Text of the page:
NZXT Launches $30 Sentry Mix 2 Fan Controller

Subject: General Tech | May 10, 2013 - 07:37 PM |
Tagged: nzxt, sentry, sentry mix 2, fan controller

NZXT has launched its new Sentry Mix 2 fan controller. Featuring an audio equipment theme, the Sentry Mix 2 fits into a single 5.25” bay. It features a matte black bezel with six glossy black sliders that are recessed into the bezel to ensure compatibility with PC case doors. Below the fan speed sliders are LEDs that can be changed to one of five colors (white, blue, green, orange, red).

NZXT Sentry Mix 2 Fan Controller.jpg

The Mix 2 is the successor and replacement of the original Mix fan controller, and it uses a redesigned PCB. The controller has six sliders that are connected to six 4-pin fan outputs. The fan controller is powered by two 4-pin Molex power connectors and can draw a maximum of 180W. Each fan channel can draw a maximum of 30W. The sliders are analog rheostats that are also compatible with PWM controlled fans.

NZXT Sentry Mix 2 Fan Controller (2).jpg

The Sentry Mix 2 comes with a 2 year warranty. The fan controller should be available soon with an MSRP of $29.99. More information can be found on NZXT’s website. As far as fan controllers go, I could see myself using this one as it keeps the LED bling to a minimum.

Source: NZXT

NZXT's New "Grid" Hub Can Consolidate Up To 10 Case Fans

Subject: Cases and Cooling | April 19, 2013 - 08:46 AM |
Tagged: nzxt, case fan, fan controller, fan hub, cooling, grid

NZXT has announced that it is making its Grid fan hub available to the masses. No longer only available with certain NZXT cases, the Grid fan hub takes a single Molex power cable and provides 3-pin power outputs for up to ten fans.

The NZXT kit will come with the Grid hub, a 200mm long Molex power adapter, a single 200mm long (3-pin) female-to-female adapter cable, and two 200mm (3-pin) fan extension cables. NZXT is also including five black cable ties to assist with cable management.

NZXT Grid Fan Hub For Up to 10 Case Fans.jpg

Unfortunately, the Grid does not provide functionality to allow adjustable fan speeds. All fans connected to the Grid hub will run at 100% unless other means (such as resistors) are used inline to slow them down. If you only care for speed, and are in a situation where your motherboard does not support enough fan headers but you cannot justify a full fan controller the Grid might be for you. For the price, it is serviceable in that regard.

Speaking of pricing, the Grid fan hub will be available soon with a MSRP of $11.99. More information is available on NZXT's product page.

Is the Grid something that you could see yourself using?

Source: NZXT

Manage your fan speed from in front of your PC or half way across the world

Subject: Cases and Cooling | October 19, 2012 - 06:22 PM |
Tagged: bitfenix, Hydra Pro, Recon, fan controller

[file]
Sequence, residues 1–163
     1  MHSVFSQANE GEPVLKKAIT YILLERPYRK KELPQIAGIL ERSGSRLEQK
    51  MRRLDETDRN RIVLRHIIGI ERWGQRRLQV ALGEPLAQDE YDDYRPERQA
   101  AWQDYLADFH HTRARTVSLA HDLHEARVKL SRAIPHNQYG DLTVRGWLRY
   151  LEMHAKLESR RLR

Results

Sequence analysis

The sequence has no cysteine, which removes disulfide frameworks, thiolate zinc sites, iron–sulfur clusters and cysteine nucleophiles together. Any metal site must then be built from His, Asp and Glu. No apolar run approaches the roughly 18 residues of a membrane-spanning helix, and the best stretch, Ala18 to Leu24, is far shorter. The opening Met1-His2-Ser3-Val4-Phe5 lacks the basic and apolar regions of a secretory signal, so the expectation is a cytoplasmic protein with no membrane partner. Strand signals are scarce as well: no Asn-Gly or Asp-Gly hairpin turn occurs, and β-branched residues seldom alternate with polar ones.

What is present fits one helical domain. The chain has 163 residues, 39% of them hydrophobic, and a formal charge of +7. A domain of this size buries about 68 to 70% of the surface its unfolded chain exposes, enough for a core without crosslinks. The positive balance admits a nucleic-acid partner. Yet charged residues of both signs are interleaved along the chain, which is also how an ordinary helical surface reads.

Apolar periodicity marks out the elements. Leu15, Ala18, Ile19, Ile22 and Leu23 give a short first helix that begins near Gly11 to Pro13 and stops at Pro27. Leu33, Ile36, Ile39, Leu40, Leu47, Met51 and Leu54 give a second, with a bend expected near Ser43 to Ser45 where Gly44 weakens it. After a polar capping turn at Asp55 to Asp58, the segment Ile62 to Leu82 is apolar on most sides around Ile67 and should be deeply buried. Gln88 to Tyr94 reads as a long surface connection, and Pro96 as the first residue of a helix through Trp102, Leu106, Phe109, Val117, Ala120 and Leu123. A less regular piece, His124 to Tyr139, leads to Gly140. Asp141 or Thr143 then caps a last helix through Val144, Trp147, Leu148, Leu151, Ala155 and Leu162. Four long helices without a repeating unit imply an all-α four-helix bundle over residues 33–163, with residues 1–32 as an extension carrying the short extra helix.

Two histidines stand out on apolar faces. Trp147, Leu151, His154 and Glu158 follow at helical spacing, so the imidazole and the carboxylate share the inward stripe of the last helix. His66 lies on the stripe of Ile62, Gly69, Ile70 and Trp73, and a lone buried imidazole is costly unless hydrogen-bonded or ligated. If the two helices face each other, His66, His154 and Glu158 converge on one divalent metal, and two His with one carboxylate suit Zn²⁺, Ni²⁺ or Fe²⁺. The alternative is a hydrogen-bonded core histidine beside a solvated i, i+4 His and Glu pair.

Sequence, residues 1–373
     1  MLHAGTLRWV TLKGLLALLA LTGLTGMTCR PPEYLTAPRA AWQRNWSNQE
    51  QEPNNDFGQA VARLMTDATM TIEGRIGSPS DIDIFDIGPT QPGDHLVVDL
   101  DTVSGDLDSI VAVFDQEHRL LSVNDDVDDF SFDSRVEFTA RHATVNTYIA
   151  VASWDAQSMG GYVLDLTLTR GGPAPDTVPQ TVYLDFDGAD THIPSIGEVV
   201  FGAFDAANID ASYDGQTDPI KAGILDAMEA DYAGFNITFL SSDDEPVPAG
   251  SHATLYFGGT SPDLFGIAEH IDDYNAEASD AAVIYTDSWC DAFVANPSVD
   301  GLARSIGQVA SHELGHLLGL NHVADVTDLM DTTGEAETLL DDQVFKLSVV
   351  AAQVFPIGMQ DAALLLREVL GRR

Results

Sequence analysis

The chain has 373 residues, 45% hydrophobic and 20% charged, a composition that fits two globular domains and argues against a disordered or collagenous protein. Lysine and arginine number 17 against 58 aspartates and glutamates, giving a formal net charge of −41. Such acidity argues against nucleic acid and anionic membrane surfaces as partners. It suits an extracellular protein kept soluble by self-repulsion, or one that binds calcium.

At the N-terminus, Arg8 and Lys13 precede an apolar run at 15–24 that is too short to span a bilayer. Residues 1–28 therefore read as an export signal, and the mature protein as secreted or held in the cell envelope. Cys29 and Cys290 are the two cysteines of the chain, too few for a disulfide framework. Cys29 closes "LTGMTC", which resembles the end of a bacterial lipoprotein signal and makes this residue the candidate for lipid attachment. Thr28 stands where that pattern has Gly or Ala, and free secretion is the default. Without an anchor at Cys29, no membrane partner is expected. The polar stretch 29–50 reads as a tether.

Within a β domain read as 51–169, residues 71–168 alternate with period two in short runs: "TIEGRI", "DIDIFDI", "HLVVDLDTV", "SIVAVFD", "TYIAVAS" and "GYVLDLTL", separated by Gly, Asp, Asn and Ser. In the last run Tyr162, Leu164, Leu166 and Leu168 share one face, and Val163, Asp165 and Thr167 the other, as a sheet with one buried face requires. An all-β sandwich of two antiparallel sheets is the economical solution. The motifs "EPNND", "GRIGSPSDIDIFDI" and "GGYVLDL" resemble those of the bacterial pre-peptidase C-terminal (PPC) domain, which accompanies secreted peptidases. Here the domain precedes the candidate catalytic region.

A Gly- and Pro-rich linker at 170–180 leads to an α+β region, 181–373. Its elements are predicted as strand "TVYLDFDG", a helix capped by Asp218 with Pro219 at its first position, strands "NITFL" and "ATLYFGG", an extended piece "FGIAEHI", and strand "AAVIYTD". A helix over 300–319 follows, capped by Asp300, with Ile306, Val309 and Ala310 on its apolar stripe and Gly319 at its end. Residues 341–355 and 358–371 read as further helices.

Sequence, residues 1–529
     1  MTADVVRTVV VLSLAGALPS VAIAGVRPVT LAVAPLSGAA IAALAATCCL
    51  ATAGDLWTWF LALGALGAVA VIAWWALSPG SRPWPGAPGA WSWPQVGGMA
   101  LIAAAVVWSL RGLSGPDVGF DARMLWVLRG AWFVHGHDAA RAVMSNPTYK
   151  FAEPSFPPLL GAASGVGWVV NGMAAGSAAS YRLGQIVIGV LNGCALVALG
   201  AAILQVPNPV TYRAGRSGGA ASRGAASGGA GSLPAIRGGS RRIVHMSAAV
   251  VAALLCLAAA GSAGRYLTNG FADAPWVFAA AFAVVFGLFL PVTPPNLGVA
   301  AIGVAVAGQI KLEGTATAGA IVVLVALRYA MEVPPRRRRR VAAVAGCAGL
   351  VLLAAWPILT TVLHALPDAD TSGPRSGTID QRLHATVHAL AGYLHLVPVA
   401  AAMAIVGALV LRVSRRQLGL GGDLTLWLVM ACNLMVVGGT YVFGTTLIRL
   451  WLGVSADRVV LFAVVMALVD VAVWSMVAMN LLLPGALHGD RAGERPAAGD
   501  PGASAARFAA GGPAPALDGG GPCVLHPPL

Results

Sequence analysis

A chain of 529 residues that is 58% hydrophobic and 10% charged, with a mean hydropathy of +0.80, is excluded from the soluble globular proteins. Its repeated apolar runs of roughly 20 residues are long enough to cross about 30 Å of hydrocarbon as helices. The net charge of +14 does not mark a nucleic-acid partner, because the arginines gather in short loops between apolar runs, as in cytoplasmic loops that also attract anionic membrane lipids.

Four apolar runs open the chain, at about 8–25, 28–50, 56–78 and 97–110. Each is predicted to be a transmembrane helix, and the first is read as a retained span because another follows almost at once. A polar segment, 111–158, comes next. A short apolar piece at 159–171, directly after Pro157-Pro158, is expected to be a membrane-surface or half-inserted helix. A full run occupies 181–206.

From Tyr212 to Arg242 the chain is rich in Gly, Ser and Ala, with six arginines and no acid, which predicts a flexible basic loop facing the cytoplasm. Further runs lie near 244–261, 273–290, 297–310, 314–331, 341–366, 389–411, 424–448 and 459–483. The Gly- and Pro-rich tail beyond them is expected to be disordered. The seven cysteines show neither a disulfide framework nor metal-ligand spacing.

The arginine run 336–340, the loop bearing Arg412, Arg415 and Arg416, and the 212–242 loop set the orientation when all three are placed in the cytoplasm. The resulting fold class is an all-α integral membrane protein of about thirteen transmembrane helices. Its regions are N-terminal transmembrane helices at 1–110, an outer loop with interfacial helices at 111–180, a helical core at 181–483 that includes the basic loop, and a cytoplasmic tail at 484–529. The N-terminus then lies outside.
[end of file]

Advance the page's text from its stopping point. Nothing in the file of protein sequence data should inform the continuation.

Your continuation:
One of the best ways to bring down the noise your system generates without switching to alternate cooling methods is to install a fan controller in your system so that you can control the speed your fans run at and slow them when you don't need the extra cooling.  Hardware Canucks finished a video review of two fan controllers from BitFenix, the basic five channel Hydra Pro and the Internet enabled, touch screen Recon which offers far more control than the analog Hydra Pro.  Neither controller costs more than $50, check out the review and see which would fit your system best.

HWC_RECON-HYDRA-1.jpg

"Fan controllers may not be a marquee item within many enthusiasts’ systems but the power they grant over airflow within a case cannot be underestimated. BitFenix's Hydra Pro and Recon controllers hail from very different ends of the spectrum but they both grant end users complete control over their system fans."

Here are some more Cases & Cooling reviews from around the web:

CASES & COOLING

Who needs software control when you can roll your own fan controller?

Subject: Cases and Cooling | August 18, 2011 - 05:56 PM |
Tagged: fan controller, pwm, DIY

Even with the fancy drivers now that allow you to set a minimum fan speed you will find that it is almost impossible to completely turn the fan off.  If you desire to do so, it is almost impossible to turn the fan completely off, which is something that is almost impossible with either a software solution or with a PWM controller.  Over at Hack a Day you can find instructions on how to create a breadboard project which translates PWM signal to DC and will allow you much greater control over your fan speed.

pwm_to_dc_fan_control.jpg

"[hedgehoginventions] wrote in to share a little modification he made to his video card in order to keep it from overheating during strenuous 3D tasks. Having swapped out the stock cooler on his Nvidia 9600GT graphics card, he found that it did not need to utilize the fan while doing mundane things like checking email, but that it still required extra air flow while playing games.

He figured he get the fan to shut off by tweaking the PWM signal, but he found that he could not get the duty cycle under 20% using software, which still caused the fan to run at all times. The circuit he built takes the PWM signal output by the card, cleaning it up before converting it to a corresponding DC voltage. The fan then runs at the same speed it would if driven directly by the PWM signal, though it can now turn off completely when not required."

Here are some more Cases & Cooling reviews from around the web:

CASES & COOLING

Source: Hack a Day